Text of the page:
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Topic 77 of 96: Saudi Arabia

Thu, Aug 1, 2002 (08:37) | Paul Terry Walhus (terry)
Saudi Arabia may be the real middle East powederkeg. Are we prepared for the consequences of an Al Queda takerover?
5 responses total.

 Topic 77 of 96 [news]: Saudi Arabia
 Response 1 of 5: Paul Terry Walhus (terry) * Thu, Aug  1, 2002 (08:38) * 8 lines 
From the article:

''We are almost dealing with Saudi Arabia as if it were a patient with
an addiction or a disease that is so dire that we don't dare disturb
it because it might make it worse.... But the question that must be
asked is: Are things going to get better?''

 Topic 77 of 96 [news]: Saudi Arabia
 Response 2 of 5: Paul Terry Walhus (terry) * Thu, Aug  1, 2002 (08:42) * 6 lines,8599,331980,00.html

People in Saudi Arabia are sick of talking about Sept. 11. They have little interest in examining why 15 of their countrymen hijacked U.S. commercial planes and killed 3,000 civilians; many prefer to believe that the attacks were the work of the CIA or the Mossad, and that the 15 hijackers were unwitting players in someone else's plot. "They were just bodies," a senior government official says. Spend an evening in Jidda, the hometown of Osama bin Laden, where young Saudis today flock to American chain restaurants and shopping malls to loiter away the stifling summer nights, and you rarely hear bin Laden's name. "They find it silly when people talk about al-Qaeda," says journalist Mohammed al-Kheriji, 28, as he sips a latte at the city's newest Starbucks. "People are worried about their own problems."

But while Saudis remain uninterested—or perhaps they're in a state of denial—in the level of Saudi participation in Sept. 11, the country seethes with open loathing for the U.S. and sympathy for bin Laden's cause. Signs of anti-Western militancy are rife throughout this vast kingdom, from the capital, Riyadh—where in June separate car bombs blew up a British banker outside his home and nearly killed an American expatriate—to Abha, a remote mountain city in the southern province of Asir, where four of the hijackers were raised and locals still celebrate all "the Fifteen," as the group is called. "Their friends are really proud of them," says Ghazi al Gamdhi, 22, a university student. "They think the Fifteen were protecting Islam. Most of the guys here want to become heroes protecting Islam."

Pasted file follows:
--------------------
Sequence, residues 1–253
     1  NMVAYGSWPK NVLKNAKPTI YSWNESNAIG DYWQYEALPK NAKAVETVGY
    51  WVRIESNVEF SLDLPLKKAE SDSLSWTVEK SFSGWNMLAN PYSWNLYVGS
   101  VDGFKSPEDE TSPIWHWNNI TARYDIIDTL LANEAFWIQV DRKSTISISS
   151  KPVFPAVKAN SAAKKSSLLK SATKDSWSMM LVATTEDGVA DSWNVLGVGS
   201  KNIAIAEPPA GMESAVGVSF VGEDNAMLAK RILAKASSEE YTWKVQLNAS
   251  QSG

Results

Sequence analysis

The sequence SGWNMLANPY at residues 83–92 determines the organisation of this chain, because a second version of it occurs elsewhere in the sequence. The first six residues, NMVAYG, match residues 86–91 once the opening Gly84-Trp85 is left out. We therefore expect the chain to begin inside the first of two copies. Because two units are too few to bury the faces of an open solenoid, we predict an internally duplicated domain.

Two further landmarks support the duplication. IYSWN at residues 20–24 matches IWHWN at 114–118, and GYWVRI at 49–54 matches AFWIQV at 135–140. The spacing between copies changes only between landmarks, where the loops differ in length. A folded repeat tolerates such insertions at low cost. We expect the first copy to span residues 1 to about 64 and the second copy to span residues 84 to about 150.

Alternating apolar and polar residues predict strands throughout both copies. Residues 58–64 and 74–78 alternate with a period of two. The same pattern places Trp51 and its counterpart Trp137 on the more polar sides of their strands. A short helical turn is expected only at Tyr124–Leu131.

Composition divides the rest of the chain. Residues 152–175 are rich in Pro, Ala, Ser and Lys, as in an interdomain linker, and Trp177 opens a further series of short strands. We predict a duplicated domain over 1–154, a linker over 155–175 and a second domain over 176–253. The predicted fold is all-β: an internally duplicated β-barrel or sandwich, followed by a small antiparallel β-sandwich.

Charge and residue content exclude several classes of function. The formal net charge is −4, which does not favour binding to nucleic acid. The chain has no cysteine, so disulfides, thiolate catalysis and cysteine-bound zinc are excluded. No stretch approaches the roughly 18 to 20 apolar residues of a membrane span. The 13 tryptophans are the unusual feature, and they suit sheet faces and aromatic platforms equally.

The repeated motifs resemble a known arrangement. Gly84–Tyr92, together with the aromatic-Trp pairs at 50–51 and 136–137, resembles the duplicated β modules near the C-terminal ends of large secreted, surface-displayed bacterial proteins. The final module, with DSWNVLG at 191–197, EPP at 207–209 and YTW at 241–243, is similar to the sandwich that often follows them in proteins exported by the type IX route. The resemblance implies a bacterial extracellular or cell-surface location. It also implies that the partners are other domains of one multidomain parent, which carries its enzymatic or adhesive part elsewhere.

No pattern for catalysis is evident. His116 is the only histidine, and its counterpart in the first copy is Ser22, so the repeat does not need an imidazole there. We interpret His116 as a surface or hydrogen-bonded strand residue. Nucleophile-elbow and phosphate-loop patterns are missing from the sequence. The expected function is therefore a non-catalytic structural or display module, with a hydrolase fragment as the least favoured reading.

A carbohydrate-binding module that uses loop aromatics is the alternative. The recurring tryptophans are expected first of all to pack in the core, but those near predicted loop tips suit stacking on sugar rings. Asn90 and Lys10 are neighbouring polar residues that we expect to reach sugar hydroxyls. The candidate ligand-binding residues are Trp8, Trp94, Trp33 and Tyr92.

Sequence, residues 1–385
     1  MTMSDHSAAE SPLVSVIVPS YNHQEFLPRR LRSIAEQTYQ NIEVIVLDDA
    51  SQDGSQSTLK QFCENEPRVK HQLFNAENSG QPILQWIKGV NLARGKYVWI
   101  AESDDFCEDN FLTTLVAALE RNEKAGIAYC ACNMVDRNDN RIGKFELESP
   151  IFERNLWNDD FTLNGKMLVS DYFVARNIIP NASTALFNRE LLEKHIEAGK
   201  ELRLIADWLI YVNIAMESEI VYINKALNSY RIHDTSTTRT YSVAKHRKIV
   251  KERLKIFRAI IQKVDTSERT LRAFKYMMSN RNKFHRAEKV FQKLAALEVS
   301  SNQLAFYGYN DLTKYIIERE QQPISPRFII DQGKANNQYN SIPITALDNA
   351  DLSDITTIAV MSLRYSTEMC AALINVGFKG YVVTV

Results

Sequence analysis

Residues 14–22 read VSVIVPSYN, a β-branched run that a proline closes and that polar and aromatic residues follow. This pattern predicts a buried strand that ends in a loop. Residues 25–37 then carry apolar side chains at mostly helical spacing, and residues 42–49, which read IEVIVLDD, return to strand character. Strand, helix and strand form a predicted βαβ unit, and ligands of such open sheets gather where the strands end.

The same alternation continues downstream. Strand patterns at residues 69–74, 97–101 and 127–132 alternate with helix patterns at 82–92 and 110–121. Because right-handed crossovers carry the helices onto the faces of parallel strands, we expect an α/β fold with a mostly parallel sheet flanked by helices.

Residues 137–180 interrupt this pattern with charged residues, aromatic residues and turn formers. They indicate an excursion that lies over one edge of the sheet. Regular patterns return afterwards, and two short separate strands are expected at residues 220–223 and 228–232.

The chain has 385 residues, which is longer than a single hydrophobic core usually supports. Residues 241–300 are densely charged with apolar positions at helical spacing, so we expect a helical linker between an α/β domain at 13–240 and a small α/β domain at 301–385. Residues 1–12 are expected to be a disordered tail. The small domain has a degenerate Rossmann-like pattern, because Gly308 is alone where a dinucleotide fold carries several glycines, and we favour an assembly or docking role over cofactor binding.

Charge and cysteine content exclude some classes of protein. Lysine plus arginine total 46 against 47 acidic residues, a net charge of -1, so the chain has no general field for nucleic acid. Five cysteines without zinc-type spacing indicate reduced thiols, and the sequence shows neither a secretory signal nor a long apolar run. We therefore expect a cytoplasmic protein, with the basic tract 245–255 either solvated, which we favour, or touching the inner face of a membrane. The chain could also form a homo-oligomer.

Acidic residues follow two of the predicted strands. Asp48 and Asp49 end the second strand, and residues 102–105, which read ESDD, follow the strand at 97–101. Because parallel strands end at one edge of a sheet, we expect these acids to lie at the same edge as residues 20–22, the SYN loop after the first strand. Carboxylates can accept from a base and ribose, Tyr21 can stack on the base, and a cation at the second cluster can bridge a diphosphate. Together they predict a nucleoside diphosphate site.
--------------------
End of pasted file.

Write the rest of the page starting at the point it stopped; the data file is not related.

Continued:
Topic 77 of 96 [news]: Saudi Arabia
 Response 3 of 5: Paul Terry Walhus (terry) * Sun, Jun 13, 2004 (04:24) * 4 lines

RIYADH, Saudi Arabia (CNN) -- US and Saudi authorities are searching for a missing American, that al Qaeda militants claim to have kidnapped after killing another US citizen Saturday in Saudi Arabia's capital city, Riyadh.

 Topic 77 of 96 [news]: Saudi Arabia
 Response 4 of 5: Paul Terry Walhus (terry) * Sun, Jun 13, 2004 (13:10) * 4 lines 
Al Qaeda Escalates Anti-Western Attacks in Saudi

euters - 40 minutes ago
RIYADH (Reuters) - Saudi and US authorities are working closely to locate an American engineer who al Qaeda said it had kidnapped after it killed another US national in the capital Riyadh, security sources said on Sunday.

 Topic 77 of 96 [news]: Saudi Arabia
 Response 5 of 5: Paul Terry Walhus (terry) * Tue, Jun 15, 2004 (08:47) * 33 lines 
U.S. urges Americans to exit Saudi Arabia
By Pauline Jelinek

WASHINGTON (AP) -- The U.S. government renewed its call on Monday for
Americans to leave Saudi Arabia after the recent terrorist attacks,
saying the safety of U.S. workers was more important than any effect on
oil supplies or the Saudi economy.

An estimated 35,000 Americans have been working in Saudi Arabia and it
was unclear how many have left since the increase in attacks, which
have come at the same time the Bush administration has been pressing
the Saudis to boost oil production to help lower gas prices in the
United States.

Referring to U.S. workers in Saudi Arabia, State Department spokesman
Richard Boucher said, "We first and foremost have a responsibility to
Americans. We need to give them our best advice on how to handle any
particular situation overseas."

"As far as the maintenance and continued flow of oil and the economy
in Saudi Arabia, that is something I think the Saudis will have to
describe, what provisions they can make and how they can operate those

He would not say how many American workers had chosen to remain in
Saudi Arabia as part of the kingdom's huge expatriate work force.

"In this kind of situation, we feel that giving out numbers just
identifies how many potential targets there might be," Boucher said.


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